Away from her

Sarah Polley’s directorial debut was beautiful. Beautiful because of her penchance for contrasting the hope promised by huge endless expanses of land with the helplessness of the main characters, beautiful because of her powerful shots of retreating backs and her clever use of lights to create atmosphere and invoke feelings, and not least of all, beautiful because of Julie Christie’s stunning loveliness.

Julie Christie, at sixty-seven, possesses an ethereal, luminous beauty and is the best evidence against botox as well as living proof that great beauty can be found on a face etched with lines, with each and every line seemingly telling a story on its own. Away from her could have been hackneyed and literal, just as how Grant (Gordon Pinsent) likened Fiona (Christie)’s dementia to a house gradually switching off its lights, one after another. It could also have been one of those dreary films about geriatrics and Alzheimer’s Disease. The movie instead, was a poignant piece of work, beautifully lifted by its leads.

Grant and Fiona have been happily married for 44 years, and were so deeply in love, they have never spent more than a month apart. The blissful marriage however, was marred by Fiona’s gradually failing memory. Away from her captured the distress of having time to prepare for the eventual loss of a person whom you love so much, your entire world seems centered around her, only to realise that no amount of time is going to be enough for the precise moment of loss. The film also captured the anguish of realising, as another character noted, that the person you thought would be with you right to the end will forget and leave behind everything you have ever shared. Guilt and regret is a recurring theme as Grant struggles with his suspicions that Fiona was feigning dementia to punish him for his previous indiscretions.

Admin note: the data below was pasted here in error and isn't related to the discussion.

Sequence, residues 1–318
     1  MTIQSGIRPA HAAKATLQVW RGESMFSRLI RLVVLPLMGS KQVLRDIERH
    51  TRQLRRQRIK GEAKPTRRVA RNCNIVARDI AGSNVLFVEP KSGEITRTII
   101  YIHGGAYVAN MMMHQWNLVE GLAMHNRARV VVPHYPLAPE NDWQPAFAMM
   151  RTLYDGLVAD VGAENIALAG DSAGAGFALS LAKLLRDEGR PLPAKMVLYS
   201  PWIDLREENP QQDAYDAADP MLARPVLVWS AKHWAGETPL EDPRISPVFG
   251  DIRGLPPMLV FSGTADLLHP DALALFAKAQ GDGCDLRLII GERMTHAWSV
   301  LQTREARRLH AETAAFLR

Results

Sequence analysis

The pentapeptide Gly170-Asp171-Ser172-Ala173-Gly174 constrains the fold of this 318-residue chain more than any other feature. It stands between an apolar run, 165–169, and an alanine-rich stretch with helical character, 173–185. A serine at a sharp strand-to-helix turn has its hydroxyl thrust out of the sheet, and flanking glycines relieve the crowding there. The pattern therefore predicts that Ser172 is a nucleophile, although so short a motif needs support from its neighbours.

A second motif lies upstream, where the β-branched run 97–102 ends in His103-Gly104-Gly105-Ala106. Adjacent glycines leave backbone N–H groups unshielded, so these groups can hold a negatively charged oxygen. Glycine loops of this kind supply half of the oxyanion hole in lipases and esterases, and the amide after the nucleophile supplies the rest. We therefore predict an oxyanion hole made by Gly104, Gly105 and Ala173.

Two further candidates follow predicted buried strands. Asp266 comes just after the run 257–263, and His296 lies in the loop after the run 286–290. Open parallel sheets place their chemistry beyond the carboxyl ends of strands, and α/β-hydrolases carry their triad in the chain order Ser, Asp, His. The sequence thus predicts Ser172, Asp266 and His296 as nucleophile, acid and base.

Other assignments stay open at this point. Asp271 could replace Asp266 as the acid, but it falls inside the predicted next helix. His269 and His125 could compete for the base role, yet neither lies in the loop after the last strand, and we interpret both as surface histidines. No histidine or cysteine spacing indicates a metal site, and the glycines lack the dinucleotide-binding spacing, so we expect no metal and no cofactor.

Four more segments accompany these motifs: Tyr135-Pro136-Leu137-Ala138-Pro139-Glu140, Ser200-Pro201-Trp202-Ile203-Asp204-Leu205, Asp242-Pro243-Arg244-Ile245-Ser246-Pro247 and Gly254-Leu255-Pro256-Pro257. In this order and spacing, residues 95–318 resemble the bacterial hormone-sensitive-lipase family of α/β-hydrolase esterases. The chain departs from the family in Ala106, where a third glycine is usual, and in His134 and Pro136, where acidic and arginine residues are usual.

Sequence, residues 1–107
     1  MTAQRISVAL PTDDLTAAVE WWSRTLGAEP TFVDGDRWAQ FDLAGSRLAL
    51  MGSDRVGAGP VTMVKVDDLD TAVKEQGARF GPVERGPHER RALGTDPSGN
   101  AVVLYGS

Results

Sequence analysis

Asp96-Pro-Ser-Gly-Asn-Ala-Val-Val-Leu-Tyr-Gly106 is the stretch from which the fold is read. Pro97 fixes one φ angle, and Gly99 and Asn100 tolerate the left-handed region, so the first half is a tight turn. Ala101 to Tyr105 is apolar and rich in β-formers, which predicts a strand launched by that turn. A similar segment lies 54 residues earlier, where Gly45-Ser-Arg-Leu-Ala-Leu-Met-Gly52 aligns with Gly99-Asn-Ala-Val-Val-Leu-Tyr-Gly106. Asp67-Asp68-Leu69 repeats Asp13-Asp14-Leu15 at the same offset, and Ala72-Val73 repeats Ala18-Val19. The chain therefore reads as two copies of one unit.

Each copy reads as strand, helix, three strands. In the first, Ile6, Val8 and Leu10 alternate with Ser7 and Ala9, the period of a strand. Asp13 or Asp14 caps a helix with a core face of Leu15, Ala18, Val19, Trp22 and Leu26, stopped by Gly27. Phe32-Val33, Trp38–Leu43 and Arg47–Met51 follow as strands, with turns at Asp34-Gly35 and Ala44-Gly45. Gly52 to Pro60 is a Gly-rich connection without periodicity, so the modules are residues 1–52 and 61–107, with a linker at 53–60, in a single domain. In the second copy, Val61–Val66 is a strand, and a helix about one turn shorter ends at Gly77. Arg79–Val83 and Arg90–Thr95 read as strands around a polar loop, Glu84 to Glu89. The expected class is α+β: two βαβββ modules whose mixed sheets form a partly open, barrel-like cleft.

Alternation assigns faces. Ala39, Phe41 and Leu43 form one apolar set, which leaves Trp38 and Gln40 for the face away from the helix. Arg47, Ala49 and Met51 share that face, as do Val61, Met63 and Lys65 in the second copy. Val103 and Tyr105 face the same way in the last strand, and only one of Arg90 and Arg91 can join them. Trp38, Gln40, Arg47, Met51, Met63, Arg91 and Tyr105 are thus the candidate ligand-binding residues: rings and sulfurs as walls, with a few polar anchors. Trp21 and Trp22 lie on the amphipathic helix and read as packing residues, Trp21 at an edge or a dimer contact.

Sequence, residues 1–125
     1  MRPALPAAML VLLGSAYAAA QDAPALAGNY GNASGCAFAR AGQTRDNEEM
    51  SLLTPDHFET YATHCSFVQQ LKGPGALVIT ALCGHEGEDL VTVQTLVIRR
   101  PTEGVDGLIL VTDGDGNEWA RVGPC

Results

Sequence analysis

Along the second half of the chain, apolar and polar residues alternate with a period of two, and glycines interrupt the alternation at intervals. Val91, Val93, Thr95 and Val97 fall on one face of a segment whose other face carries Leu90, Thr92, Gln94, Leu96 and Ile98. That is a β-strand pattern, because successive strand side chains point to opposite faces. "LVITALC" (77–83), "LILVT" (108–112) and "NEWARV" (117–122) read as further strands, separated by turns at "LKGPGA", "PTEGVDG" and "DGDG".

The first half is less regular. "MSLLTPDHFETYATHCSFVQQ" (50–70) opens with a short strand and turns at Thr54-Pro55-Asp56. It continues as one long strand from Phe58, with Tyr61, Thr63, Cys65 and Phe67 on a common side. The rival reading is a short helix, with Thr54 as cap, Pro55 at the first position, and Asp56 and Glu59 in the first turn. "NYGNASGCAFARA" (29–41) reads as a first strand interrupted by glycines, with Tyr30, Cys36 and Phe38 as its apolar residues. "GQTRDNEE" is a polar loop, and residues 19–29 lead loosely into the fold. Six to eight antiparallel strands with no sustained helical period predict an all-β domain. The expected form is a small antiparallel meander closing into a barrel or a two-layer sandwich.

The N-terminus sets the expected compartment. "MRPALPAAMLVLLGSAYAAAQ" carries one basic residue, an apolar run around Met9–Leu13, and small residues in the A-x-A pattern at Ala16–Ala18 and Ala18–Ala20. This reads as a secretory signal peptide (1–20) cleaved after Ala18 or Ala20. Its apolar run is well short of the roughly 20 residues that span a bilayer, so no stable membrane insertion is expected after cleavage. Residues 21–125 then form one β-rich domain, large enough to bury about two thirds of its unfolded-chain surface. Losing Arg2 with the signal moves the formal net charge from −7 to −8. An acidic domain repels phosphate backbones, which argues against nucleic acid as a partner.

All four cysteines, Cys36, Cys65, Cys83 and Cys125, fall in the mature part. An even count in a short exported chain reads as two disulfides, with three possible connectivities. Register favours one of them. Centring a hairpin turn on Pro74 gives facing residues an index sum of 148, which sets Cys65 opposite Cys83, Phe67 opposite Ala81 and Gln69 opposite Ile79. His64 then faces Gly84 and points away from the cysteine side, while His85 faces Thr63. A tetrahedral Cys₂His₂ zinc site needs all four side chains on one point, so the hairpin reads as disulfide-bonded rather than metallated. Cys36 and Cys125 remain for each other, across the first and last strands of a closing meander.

Christie deserves her Oscar nod, her gorgeous, open face reflecting every nuance of her complicated emotions. Grant, in his grizzled warmth, was a man tortured by his past and the present, grappling with his wife’s rapidly deteriorating condition. Away from her is a subtle and graceful look at love, loss and old age.

And while we are still on the topic of love, the kids today were all giddy and giggly, floating on their love-infused air. Was kinda sweet and very amusing. I have nearly forgotten those days of nervous anticipation:p. On one hand, I am happy my kids are so happy. On the other hand, i am irritated because no one seems to be concentrating on my exciting delivery on how to ace the compre paper. Boys were fondling rose petals in mute fascination while the girls were busy folding pieces of paper they think i cannot see under their desks. One good thing came out of this lovey-dovey business- I received many little gifts: rose stalks, cards, chocolates and was also treated to an amazing magic show by one kiddo (He is so good, he does it professionally).

Despite saying he was not gonna gimme anything, he presented a little surprise in the form of home-made peanut balls coated with melted chocolate (think rocher hehe). His chocolate balls weren’t a pretty sight, but they did melt in the mouth and was reasonably palatable heee…I am suitably impressed. I can’t even bake cookies. Thank you=))


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